Safety and Security Division

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Considerations for Incident Response for Critical Infrastructure

By Durgesh Kalya posted 04 Dec, 2023 01:25 PM


Incident response is an important piece of the cybersecurity puzzle. It encompasses the meticulous process of identifying, containing, and recovering from security incidents. While this practice is imperative for all organizations, its significance is magnified for entities classified as critical infrastructure organizations.

Critical infrastructure organizations are part and parcel of our societies, providing essential services such as power generation, water supply, transportation systems, and telecommunications networks. The repercussions of a cyberattack on such entities can be catastrophic, affecting the well-being of countless individuals and businesses reliant on these indispensable services .

Supervisory Control and Data Acquisition (SCADA), Programmable Logic Controllers (PLC), Distributed Control Systems (DCS), and other process control systems play pivotal roles within various critical infrastructure sectors. These technologies are the backbone of operations, ensuring essential services' reliability, safety, and efficiency. In simple terms, SCADA, PLCs, DCS, and other control systems are essential gears that make critical infrastructure work smoothly. They help monitor things from afar, make quick decisions, and automatically handle problems to ensure crucial services run without interruptions. These systems are also called Industrial Access Control Systems (IACS). Because of this, it's vital to ensure these systems are solid and secure to protect critical infrastructure.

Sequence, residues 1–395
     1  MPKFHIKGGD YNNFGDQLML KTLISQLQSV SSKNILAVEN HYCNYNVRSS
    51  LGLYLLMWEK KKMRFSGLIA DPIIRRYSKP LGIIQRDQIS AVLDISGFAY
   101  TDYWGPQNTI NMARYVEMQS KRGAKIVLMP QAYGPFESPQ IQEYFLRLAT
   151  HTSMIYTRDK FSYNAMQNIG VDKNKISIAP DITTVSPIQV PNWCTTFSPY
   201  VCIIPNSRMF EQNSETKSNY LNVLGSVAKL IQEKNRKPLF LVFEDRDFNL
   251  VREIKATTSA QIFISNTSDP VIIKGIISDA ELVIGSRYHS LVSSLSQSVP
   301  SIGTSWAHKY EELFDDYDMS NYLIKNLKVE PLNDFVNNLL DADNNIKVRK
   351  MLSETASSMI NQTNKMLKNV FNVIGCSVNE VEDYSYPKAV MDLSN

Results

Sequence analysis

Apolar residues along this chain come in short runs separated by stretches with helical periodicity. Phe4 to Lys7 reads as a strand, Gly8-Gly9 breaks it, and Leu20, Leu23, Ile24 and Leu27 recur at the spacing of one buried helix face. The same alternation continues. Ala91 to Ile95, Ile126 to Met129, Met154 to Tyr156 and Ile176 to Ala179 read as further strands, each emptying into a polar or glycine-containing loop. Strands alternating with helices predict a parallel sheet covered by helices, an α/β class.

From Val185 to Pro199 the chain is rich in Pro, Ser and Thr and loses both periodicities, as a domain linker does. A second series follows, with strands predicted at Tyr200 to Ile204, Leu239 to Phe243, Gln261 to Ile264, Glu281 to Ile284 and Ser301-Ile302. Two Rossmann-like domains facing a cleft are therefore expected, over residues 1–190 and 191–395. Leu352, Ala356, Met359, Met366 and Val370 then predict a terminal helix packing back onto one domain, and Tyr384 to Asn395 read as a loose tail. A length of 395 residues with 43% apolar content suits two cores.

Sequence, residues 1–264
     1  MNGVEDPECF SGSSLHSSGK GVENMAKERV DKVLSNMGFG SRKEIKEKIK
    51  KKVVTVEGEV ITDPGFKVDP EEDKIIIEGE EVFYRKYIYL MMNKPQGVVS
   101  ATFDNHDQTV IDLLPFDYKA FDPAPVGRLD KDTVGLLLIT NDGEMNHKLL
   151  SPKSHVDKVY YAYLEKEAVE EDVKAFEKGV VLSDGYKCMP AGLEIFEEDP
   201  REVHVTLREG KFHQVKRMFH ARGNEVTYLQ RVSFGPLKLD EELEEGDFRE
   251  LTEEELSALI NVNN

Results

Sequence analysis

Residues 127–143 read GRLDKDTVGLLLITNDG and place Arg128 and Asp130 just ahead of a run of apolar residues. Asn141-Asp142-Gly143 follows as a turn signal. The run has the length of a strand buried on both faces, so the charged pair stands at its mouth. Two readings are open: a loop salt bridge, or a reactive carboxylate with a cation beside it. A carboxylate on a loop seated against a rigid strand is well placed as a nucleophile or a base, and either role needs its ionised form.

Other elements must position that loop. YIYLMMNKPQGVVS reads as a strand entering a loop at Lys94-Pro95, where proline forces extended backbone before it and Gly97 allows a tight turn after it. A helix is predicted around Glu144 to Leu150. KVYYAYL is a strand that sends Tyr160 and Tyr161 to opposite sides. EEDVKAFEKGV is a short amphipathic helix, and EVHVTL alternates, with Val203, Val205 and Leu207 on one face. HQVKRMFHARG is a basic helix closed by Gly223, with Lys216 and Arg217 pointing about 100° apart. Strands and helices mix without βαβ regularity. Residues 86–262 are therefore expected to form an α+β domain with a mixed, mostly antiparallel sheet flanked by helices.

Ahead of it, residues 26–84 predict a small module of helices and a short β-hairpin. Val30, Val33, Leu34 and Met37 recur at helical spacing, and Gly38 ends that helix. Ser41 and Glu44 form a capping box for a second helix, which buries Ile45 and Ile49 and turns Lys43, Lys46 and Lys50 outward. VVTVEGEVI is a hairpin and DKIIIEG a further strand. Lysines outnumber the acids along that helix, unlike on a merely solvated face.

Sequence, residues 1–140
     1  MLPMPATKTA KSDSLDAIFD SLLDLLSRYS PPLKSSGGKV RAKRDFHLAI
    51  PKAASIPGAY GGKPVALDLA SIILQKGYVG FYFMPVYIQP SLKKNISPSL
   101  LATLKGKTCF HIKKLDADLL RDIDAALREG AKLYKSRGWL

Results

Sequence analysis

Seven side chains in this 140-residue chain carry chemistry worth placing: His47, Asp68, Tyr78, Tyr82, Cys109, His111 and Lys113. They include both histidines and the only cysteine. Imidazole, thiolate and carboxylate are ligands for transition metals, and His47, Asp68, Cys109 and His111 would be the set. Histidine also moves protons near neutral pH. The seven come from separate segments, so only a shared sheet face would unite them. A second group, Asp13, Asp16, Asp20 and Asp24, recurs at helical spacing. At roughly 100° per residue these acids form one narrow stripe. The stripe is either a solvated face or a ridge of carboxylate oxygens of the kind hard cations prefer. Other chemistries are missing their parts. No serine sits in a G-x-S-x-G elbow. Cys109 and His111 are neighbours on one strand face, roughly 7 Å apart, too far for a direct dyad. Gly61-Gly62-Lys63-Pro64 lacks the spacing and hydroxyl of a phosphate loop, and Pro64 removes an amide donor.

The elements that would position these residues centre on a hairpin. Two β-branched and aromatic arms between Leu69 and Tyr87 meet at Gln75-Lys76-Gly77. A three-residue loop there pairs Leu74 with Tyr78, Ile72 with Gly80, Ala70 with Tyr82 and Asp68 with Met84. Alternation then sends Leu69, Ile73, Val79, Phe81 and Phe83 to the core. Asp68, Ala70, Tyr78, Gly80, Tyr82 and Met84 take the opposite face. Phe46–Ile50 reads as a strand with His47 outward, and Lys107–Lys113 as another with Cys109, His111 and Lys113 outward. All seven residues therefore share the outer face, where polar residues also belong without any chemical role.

Increasing threat of ransomware industrial control systems

The increasing threat of ransomware and the evolving landscape of networked process control systems or industrial control systems (ICS) pose significant challenges to critical infrastructure and incident response efforts.

Over recent years, ransomware attacks have surged in frequency and sophistication, with critical infrastructure entities becoming prime targets. These attacks involve encrypting an organization's data and demanding a ransom for decryption. Ransomware attacks on critical infrastructure can have severe consequences, leading to service disruptions, data loss, and financial losses. In some cases, lives and public safety can be at risk. Cybercriminals have increasingly specialized in targeting critical infrastructure sectors, recognizing the potential for substantial ransoms and the critical nature of the services provided. Ransomware tactics continue to evolve, with threat actors using advanced techniques such as double extortion (threatening to leak stolen data), supply chain attacks, and highly tailored spear-phishing campaigns.

Nation-State Involvement:

Some ransomware attacks are suspected to have nation-state involvement, blurring the lines between cybercriminals and state-sponsored actors. This complicates attribution and response efforts.

Limitations of traditional incident response: 

While well-established and effective in many situations, traditional incident response approaches can face several limitations when applied to critical manufacturing, oil, and gas facilities in today's digital age. These limitations arise due to increasingly integrating digital technologies, automation, and IT infrastructure within operational technology (OT) environments.

Traditional incident response faces several significant challenges in modern Operational Technology (OT) environments. These challenges stem from the increasing complexity of these environments, the heightened cybersecurity threats they confront, and a range of specific issues.


Critical manufacturing, oil, and gas facilities must adapt their incident response strategies to the realities of today's digital age to address these limitations. This may involve implementing specialized cybersecurity incident response plans, conducting regular cybersecurity drills, investing in modernized and secure OT systems, and fostering collaboration between IT and OT teams. Additionally, regulatory bodies should continually update and adapt regulations to reflect the evolving threat landscape and promote cybersecurity best practices within critical infrastructure sectors.